"Pince!" he hissed, and Harry subsided.
"What can you actually do with a time-turner, prankwise?" Draco asked. "I mean, we just assumed it would be the best thing ever, but do we have any actual ideas?"
"Well, you could pick someone and start showing up everywhere they did, all the time," Harry said. "Or keep putting something in their bag after they've taken it out. It must be brilliant for escaping if you're being chased."
"You're thinking about it backwards," Padma said. "It's not something that stops time. It just lets you jump back an hour or two. It'll help with escaping, maybe, but I honestly don't see what else you could possibly plan to do with it."
"Here's a thought," Draco said. "If we go back in time and arrange something, then we'll see it happen, won't we? And then we can figure out what we arranged after we see it happen, and go do it."
"I think that's a paradox," Padma said. "Anyway, it's nearly time to go down to the feast. Pack up your paradoxes and come along."
"Are you hauling all those down to the feast too?" Draco asked as she stuffed books into her bag. "At least let me take a few. And Harry," he added hastily. Padma gave him a lifted eyebrow, but offered each boy two large books.
They ran into Neville on the stairs, apparently coming up to find them.
"I've been down to the feast already, thought you'd be there," he explained, returning down the stairs with them. "It's pretty brilliant this year. There's a great big marzipan skeleton on each table — " he stopped in laughter as Draco's eyes lit up. "The House-elves like you, Draco."
"This isn't news," Padma said as they reached the side-entry doors to the Great Hall, pushing them open. Inside, candlelight from a thousand illuminated jack-o-lanterns flickered over the four House tables and the High Table where the professors sat. All the House banners had been blacked out except for a glowing white insignia, and —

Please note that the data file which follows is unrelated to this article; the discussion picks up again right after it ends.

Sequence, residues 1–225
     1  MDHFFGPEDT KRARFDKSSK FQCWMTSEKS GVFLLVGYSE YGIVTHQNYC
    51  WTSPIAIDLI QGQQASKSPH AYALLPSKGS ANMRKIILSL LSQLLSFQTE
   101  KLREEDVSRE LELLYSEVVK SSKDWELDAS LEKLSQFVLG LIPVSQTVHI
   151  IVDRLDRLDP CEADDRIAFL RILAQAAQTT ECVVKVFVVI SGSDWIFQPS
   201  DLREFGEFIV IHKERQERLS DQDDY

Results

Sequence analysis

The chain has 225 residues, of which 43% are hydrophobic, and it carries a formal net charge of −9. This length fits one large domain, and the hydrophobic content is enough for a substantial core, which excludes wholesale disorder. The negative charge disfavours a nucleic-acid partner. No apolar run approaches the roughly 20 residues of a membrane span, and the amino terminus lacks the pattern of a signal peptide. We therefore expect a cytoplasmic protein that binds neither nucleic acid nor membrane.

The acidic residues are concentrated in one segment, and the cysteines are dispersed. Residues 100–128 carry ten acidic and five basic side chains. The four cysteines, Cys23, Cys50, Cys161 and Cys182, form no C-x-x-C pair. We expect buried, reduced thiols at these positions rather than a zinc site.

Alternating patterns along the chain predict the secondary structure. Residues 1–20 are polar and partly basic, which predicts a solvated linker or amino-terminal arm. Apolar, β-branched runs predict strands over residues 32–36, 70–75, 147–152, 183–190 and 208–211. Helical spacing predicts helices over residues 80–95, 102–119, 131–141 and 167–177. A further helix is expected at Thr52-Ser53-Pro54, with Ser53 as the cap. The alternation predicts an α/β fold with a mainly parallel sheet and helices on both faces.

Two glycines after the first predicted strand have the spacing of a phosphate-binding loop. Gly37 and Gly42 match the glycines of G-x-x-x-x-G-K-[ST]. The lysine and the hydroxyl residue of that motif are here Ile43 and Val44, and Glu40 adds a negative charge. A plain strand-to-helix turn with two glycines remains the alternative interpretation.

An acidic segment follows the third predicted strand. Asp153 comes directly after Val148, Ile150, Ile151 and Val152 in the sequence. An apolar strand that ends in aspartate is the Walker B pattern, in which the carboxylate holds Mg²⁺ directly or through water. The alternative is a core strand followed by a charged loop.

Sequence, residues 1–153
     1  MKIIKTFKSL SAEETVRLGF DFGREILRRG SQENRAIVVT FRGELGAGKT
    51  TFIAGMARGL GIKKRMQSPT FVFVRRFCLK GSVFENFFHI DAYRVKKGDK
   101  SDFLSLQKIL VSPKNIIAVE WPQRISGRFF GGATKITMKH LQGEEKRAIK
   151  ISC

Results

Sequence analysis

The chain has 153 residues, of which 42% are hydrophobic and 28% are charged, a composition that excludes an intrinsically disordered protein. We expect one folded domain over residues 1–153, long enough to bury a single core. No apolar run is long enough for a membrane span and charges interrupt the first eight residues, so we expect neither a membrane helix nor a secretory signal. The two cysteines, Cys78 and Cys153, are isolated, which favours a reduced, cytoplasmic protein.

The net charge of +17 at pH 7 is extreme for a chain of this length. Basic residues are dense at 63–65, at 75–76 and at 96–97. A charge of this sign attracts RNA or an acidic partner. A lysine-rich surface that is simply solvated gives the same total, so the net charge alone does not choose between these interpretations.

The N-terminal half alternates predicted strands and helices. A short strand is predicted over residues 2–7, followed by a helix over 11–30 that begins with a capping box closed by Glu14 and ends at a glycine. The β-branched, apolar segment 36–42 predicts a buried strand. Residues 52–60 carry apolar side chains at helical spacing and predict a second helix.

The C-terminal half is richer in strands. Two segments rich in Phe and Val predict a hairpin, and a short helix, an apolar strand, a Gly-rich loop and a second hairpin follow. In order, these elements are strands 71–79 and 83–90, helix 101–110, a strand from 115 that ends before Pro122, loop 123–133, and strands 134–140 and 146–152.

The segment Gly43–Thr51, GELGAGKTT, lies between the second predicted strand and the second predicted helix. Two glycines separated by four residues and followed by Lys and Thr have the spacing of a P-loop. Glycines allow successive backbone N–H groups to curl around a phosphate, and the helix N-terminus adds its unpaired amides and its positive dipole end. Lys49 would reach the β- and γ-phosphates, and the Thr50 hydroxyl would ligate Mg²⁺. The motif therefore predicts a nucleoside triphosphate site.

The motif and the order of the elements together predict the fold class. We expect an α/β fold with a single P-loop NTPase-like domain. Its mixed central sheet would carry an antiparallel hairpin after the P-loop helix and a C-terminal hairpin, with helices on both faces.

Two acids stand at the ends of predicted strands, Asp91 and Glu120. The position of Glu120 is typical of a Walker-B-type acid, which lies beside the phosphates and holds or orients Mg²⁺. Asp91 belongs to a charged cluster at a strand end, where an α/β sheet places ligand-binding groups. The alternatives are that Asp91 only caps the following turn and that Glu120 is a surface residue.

Things on the tables were moving.
"Look at this!" Harry said, picking up one of the small white objects that was leaping around the table. It turned out to be a snapping pair of fake vampire teeth. He shoved them in his mouth and grinned at the others, fangs gleaming. "Tafes like bebbermin!"
"Dora!" Neville shouted, pushing past Harry. He ran to the High Table, where Professor Snape was standing by his chair, talking to Dora Tonks. "Hi! What're you doing here?" Neville blurted.
"Hiya, kid!" Tonks answered, bending over the table to tousel Neville's hair. The others joined him in a little knot at the table. "How are you? I'm here for the feast, with Severus."
"Oh," Neville said, glancing with wide eyes at Snape, who glowered. "Sorry, Professor! I mean! Not sorry — I — you're...you'd better look after her properly!" he said, face turning red, and bolted away again.
Harry walked past Snape calmly and winked. "You had better, you know," he said conversationally.
"How're you, Harry?" Tonks asked.
"Pretty well. You?"
"Thriving. Is your godfather around?"
Harry shrugged. "Probably down in Hogsmeade."
"Oh! At the Three Broomsticks, probably, they're having a big party. We're going after," she said, then glanced at Snape apologetically.
"Have a good time," Harry said, wandering on. "Say hi if you see him!"
"Will do — Remus! Hallo, you look like death warmed over!"
Harry turned so fast he nearly knocked Padma over; he stood aside to let her and Draco push through the crowds to their tables, craning his neck to try and see Remus.
When he finally managed to work his way back to where Tonks was sitting, he saw her shaking Remus' hand. Remus looked awful, eyes deep-sunk in his face and skin a pale, almost yellowish colour. He was leaning heavily on the back of Snape's chair.
" — glad you're here, I need to ask you some questions," he was saying. He didn't even look happy, but rather grim, as though he'd had bad news. Harry wondered if he and Sirius were in a fight. They almost never were, but lately he'd been too wrapped up in his own affairs to notice much.
"Any time — oh, do you really have to sit at the other end? Professor Sinistra, you wouldn't mind changing, would you?"
Sinistra, who had experienced Dora's accident-prone table manners before, smiled knowingly and ambled down the table to Remus' seat on the end.
"Hi Professor Lupin!" Harry called up. Remus turned down to face him, the unhappy look replaced with a smile.
"Hallo Potter," he said. "Happy Hallowe'en to you!"
"Happy Hallowe'en! How are you?"